A ruling handed down on Tuesday by the 3rd Circuit Court of Appeals cleared the way for the U.S. Virgin Islands to keep collecting a $25 per day occupancy fee on timeshare units, which has been challenged by timeshare groups in the territory since the fee was passed four years ago.
On appeal, the 3rd Circuit decision upheld a previous District Court ruling that rejected claims that the occupancy fee on timeshare units in the territory is unconstitutional. The legal battle has been ongoing since the passage of the Virgin Islands Revenue Enhancement and Recovery Act in 2017 and this week’s ruling appears the final step in the process.
In 2017, the American Resort Development Association’s Resort Owners’ Coalition, a nonprofit lobbying organization for the timeshare industry and 1.6 million timeshare owners, filed suit in federal court against a $25 per day occupancy fee on timeshare units in the territory.
In the complaint, the plaintiffs argued the fee is “targeted, discriminatory, revenue legislation that has the purposeful intent to impose fees almost exclusively on interstate commerce violates the Commerce Clause,” citing various times former Gov. Kenneth Mapp said the legislation aimed to seek funding from visitors to the territory.
Testifying before the Senate in February 2017, then Finance Commissioner Valdamier Collens told lawmakers the fee was projected to generate around $19 million per year. At the time, the government also increased tobacco, alcohol and soda taxes, which were projected to generate similar amounts of revenue. It also increased hotel occupancy taxes and gross receipts taxes in recent years, to try to staunch the territory’s deficits.
At the time, the timeshare group also argued the fee was unconstitutional and would hurt business, saying that timeshare owners in the USVI already paid the highest real estate property tax rate in the territory, making this particular fee “an exorbitant burden” on the ability of the territory to compete with similar markets.
While the V.I. rate for timeshares is higher than other V.I. property tax rates, V.I. property tax rates are actually lower than most states. According to the Tax Foundation, 49 of the 50 states have higher homeowner property tax rates than the USVI, with only Hawaii, at 0.28 percent, coming in lower. The V.I. rate for timeshare units is 1.407 percent, a bit lower than Hawaii, which charges 1.43 percent for timeshares.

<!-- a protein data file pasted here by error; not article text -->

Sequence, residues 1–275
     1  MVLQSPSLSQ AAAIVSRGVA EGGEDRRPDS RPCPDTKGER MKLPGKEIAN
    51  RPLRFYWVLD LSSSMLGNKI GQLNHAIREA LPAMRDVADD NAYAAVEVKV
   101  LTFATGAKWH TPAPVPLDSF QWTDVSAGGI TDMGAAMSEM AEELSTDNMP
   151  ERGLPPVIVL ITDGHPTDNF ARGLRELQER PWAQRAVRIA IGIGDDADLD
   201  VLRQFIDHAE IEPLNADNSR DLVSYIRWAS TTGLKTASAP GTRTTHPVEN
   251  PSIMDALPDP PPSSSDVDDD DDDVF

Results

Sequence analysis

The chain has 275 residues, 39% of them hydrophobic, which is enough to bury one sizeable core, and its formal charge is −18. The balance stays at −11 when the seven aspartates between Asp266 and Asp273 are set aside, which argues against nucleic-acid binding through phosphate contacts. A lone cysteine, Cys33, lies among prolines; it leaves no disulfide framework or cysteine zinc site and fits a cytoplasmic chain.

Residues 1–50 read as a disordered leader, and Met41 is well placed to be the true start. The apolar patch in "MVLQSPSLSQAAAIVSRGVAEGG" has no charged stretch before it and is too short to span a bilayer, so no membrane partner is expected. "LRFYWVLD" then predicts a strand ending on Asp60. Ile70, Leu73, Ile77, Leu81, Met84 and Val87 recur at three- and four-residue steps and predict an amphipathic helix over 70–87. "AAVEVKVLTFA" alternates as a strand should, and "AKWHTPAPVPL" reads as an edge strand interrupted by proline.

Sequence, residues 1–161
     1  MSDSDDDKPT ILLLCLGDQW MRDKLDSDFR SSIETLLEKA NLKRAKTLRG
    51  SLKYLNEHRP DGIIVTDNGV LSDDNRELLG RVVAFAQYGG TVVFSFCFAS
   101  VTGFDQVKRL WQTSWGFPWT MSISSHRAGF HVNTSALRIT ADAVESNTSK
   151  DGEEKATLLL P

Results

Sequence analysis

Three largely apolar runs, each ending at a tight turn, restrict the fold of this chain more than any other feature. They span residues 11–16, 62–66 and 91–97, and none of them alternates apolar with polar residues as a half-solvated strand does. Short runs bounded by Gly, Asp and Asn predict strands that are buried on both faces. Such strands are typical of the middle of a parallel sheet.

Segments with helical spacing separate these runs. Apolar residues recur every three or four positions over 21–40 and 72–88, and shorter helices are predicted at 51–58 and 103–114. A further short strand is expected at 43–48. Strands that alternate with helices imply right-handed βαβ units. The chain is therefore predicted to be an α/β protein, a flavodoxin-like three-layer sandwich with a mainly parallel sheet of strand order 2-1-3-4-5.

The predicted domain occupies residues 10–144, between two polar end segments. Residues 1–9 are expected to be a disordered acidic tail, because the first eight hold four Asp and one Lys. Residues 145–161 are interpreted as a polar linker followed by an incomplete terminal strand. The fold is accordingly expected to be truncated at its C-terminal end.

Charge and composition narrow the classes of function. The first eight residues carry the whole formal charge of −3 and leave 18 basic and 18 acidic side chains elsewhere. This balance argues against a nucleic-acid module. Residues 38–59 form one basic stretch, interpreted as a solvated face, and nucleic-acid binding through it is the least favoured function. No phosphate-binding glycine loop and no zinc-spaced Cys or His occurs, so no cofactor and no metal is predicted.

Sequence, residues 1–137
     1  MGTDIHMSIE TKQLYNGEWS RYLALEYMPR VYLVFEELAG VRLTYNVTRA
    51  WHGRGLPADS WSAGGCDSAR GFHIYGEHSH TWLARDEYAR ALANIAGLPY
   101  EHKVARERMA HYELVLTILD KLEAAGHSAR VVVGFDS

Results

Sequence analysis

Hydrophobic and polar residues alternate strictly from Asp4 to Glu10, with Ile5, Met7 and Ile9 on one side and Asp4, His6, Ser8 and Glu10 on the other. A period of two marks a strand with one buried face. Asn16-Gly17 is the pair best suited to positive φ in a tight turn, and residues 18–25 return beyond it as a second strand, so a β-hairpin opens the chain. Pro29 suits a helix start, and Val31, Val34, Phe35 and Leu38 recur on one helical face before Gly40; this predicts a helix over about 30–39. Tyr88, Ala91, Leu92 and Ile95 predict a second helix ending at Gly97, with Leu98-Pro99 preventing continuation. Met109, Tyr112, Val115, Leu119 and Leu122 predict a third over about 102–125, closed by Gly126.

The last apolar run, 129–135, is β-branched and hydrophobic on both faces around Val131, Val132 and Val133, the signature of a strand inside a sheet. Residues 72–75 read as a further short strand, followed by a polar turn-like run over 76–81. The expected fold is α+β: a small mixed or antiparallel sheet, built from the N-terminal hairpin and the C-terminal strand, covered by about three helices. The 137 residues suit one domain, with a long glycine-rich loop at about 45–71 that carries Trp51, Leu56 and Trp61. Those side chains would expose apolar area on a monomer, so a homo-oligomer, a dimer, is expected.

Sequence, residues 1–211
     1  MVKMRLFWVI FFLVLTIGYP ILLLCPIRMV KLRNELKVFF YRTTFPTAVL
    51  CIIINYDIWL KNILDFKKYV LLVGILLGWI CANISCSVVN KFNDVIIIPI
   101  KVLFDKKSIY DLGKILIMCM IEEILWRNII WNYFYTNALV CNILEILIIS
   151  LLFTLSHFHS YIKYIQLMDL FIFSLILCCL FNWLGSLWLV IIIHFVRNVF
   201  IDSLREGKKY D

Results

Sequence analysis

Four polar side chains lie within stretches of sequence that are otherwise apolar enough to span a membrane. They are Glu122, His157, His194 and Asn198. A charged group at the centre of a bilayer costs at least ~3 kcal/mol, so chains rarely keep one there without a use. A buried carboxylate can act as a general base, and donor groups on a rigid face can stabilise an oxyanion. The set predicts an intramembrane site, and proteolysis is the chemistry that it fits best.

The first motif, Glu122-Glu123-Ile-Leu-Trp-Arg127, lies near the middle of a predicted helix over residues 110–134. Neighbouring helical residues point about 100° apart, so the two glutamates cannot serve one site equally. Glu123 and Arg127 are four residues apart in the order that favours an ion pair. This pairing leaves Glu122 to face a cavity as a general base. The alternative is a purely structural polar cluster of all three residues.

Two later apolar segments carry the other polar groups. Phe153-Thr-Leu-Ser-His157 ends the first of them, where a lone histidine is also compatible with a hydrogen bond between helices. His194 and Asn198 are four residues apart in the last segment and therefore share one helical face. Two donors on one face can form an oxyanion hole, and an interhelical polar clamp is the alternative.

Along with the $25 per day occupancy fee, the Virgin Islands Revenue Enhancement and Recovery Act also allocates the revenues from the timeshare tax to the Virgin Islands Tourism Advertising Revolving Fund, the General Fund and, for a period of time, to the VIESA Contingency Reserve Account.
On April 8, 2020, the District Court ruled in favor of the government and rejected the plaintiffs’ argument that the timeshare tax is unconstitutional. The decision was appealed to the 3rd Circuit, which on Tuesday affirmed the District Court’s decision and held that the territory “taxes resident and non-resident taxpayers at equal rates,” and “apportions its tax based on consumption.
“The Third Circuit explained that it is not ‘inherently discriminatory’ for the territory to shift its tax burden to non-resident consumers,” according to a statement on Tuesday from the V.I. Justice Department. “The Third Circuit further held that the timeshare tax was designed to capture consumption spending by non-residents. With the Third Circuit’s decision upholding the constitutionality of the timeshare tax, the government can continue to collect these revenues, which can be used to advertise and promote tourism in the Virgin Islands and meet some of the government’s financial obligations.”
To date, the government has collected approximately $14 million in timeshare taxes, the statement said.